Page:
Tuesday, April 22, 2014

Popover Pancake with Strawberry Sauce

Slice of Pancake on Plate with Strawberries and Maple Syrup
Easy to Make and Fun to Serve

Recipes by Philippa and Mom

As the years go by, I appreciate my cousins more and more. Most are far away but remain close to my heart. A few years back, after a 30-year hiatus, I visited my cousin/godfather Dick, and Philippa, his wife of nearly 50 years, in Pennsylvania. Both had inspired my early study of music by their interest and by their own musicianship. Amongst the catching up, Philippa whipped up the most amazing meals, including a light and airy popover pancake for breakfast one morning. She assured me that it was easy to make. It didn’t seem possible that its puffy, soufflĂ© like proportions could be easily duplicated. But surprisingly this impressive dish takes little time and effort and uses few ingredients.

Wednesday, April 16, 2014

Asparagus, Bacon, Roasted Pepper, and Sausage Strata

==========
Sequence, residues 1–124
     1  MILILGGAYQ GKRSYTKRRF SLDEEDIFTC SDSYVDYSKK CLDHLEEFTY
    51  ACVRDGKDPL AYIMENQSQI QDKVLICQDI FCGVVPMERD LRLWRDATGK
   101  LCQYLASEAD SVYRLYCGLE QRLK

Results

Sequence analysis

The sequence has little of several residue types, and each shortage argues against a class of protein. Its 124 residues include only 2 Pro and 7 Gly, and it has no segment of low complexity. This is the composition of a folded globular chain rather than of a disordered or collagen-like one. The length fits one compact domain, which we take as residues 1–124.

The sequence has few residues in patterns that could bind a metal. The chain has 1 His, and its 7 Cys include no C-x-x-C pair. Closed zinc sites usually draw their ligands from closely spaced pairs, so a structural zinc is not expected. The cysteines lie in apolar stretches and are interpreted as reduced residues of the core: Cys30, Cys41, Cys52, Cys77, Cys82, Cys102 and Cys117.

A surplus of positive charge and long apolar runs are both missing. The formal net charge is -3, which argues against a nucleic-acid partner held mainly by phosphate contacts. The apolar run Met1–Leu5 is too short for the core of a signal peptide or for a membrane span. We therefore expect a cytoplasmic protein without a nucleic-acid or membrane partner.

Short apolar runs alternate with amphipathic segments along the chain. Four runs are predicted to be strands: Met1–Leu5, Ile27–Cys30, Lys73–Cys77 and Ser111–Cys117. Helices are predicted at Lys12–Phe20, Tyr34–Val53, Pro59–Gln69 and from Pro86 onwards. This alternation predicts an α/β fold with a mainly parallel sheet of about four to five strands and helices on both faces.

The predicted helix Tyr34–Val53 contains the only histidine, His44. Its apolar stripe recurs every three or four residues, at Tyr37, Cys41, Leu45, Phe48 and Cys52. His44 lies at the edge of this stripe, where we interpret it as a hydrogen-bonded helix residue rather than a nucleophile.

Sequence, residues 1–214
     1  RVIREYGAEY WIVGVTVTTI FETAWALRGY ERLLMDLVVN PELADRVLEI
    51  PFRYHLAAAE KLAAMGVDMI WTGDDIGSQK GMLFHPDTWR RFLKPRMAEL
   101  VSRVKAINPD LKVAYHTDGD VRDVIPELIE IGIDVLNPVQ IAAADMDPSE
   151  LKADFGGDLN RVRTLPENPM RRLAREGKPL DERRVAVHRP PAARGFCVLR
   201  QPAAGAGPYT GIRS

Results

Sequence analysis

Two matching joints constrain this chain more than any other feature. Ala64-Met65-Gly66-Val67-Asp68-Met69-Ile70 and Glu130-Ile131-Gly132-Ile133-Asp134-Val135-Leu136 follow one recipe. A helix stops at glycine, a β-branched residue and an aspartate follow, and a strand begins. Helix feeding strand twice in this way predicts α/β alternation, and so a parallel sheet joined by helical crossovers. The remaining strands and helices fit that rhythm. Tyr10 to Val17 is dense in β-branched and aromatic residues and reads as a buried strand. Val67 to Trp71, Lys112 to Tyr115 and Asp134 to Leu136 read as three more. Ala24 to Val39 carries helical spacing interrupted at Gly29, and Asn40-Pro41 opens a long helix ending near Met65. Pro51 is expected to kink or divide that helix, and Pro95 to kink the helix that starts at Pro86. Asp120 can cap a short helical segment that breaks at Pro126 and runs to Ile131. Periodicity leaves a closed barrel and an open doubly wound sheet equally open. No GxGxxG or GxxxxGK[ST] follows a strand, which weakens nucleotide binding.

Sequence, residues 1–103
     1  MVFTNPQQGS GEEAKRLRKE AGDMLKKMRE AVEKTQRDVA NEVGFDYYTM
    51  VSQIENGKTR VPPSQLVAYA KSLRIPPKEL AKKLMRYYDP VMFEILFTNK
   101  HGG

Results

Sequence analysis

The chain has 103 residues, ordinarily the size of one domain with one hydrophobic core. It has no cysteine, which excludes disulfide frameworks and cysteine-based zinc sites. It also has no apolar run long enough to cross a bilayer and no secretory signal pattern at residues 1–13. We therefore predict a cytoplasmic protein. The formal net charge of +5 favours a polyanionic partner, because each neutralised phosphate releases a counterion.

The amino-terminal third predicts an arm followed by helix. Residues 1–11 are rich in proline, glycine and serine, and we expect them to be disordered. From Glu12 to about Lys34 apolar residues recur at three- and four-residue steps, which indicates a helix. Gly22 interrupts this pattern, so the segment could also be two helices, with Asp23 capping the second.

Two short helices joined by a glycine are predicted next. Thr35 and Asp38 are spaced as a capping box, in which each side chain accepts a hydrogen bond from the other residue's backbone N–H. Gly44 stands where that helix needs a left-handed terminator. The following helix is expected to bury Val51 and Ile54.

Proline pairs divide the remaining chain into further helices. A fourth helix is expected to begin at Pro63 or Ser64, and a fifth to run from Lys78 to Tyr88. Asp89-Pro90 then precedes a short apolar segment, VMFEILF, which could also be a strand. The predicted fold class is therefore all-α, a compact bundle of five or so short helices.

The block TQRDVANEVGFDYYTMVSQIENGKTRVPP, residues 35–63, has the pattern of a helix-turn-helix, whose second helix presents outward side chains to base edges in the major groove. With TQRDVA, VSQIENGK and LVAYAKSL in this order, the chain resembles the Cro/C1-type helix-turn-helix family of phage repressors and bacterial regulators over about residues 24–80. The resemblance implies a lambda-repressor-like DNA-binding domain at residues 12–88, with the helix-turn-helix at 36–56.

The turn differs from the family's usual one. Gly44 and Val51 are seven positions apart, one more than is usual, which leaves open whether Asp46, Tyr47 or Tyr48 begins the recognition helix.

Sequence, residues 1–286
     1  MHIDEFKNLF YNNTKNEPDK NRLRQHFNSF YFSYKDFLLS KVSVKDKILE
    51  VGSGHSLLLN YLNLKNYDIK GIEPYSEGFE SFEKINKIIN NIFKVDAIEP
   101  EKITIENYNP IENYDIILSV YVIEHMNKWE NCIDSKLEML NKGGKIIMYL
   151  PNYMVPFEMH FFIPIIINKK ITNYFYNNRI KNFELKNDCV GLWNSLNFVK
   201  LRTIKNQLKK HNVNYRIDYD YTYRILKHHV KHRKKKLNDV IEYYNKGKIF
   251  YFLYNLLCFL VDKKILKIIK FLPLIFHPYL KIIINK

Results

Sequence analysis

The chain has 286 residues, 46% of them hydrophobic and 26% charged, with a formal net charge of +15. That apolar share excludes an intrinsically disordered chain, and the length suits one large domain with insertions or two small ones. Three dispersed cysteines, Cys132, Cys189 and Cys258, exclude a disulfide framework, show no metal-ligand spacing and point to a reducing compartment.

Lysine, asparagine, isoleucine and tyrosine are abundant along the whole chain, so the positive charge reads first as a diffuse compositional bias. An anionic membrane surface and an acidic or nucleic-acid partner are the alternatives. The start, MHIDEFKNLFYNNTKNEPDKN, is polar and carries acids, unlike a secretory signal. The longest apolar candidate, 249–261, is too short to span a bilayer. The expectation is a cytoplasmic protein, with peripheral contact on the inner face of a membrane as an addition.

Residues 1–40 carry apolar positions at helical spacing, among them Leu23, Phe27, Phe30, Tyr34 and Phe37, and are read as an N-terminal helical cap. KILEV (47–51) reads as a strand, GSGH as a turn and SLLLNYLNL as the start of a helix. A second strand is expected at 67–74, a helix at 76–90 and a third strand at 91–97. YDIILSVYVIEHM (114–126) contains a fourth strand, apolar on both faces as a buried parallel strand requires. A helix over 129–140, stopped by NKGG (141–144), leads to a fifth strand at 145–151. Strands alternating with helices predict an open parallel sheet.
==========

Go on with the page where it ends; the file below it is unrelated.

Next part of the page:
Slice of Strata on Plate
"Loaded" Strata

Recipe by Robin

Ten or more years ago I was served strata at an Easter brunch. It was so beautiful and yummy that I’ve wanted to make one ever since. The process of preparing all of the strata layers, assembling them in order, and pouring the egg mixture in was appealing. But the idea of refrigerating it for 10 hours to allow the bread to soak up the eggs and milk—that means planning—seemed daunting. But spring inspires new activities, especially when I see tender young asparagus on sale. I might get used to eating brunch at home weekends instead of going out…maybe.

Friday, April 4, 2014

Roast Chicken with Wild Rice Stuffing & Orange-Wine Sauce

Plate of Chicken with Wild Rice Stuffing
Early Spring Comfort Food

Recipe by Robin

Stuffed chickens are extremely out of fashion and I’d like to reverse that trend, particularly at this time of year. Though technically spring, many days still tend towards damp and chilly, evenings are nippy, and my East Coast friends are looking at snow from yet another storm. We’re craving something warm and comforting. An oven-roasted bird with stuffing reminds us of celebratory feasts from seasons past and orange-wine sauce provides a lighter take on gravy. Why limit our enjoyment of stuffed birds to winter occasions?

Saturday, March 29, 2014

Coq au Vin

Plate of Coq Au Vin with Parsley garnish
Classic Coq Au Vin

Recipe Adapted from French: Delicious Classic Cuisine Made Easy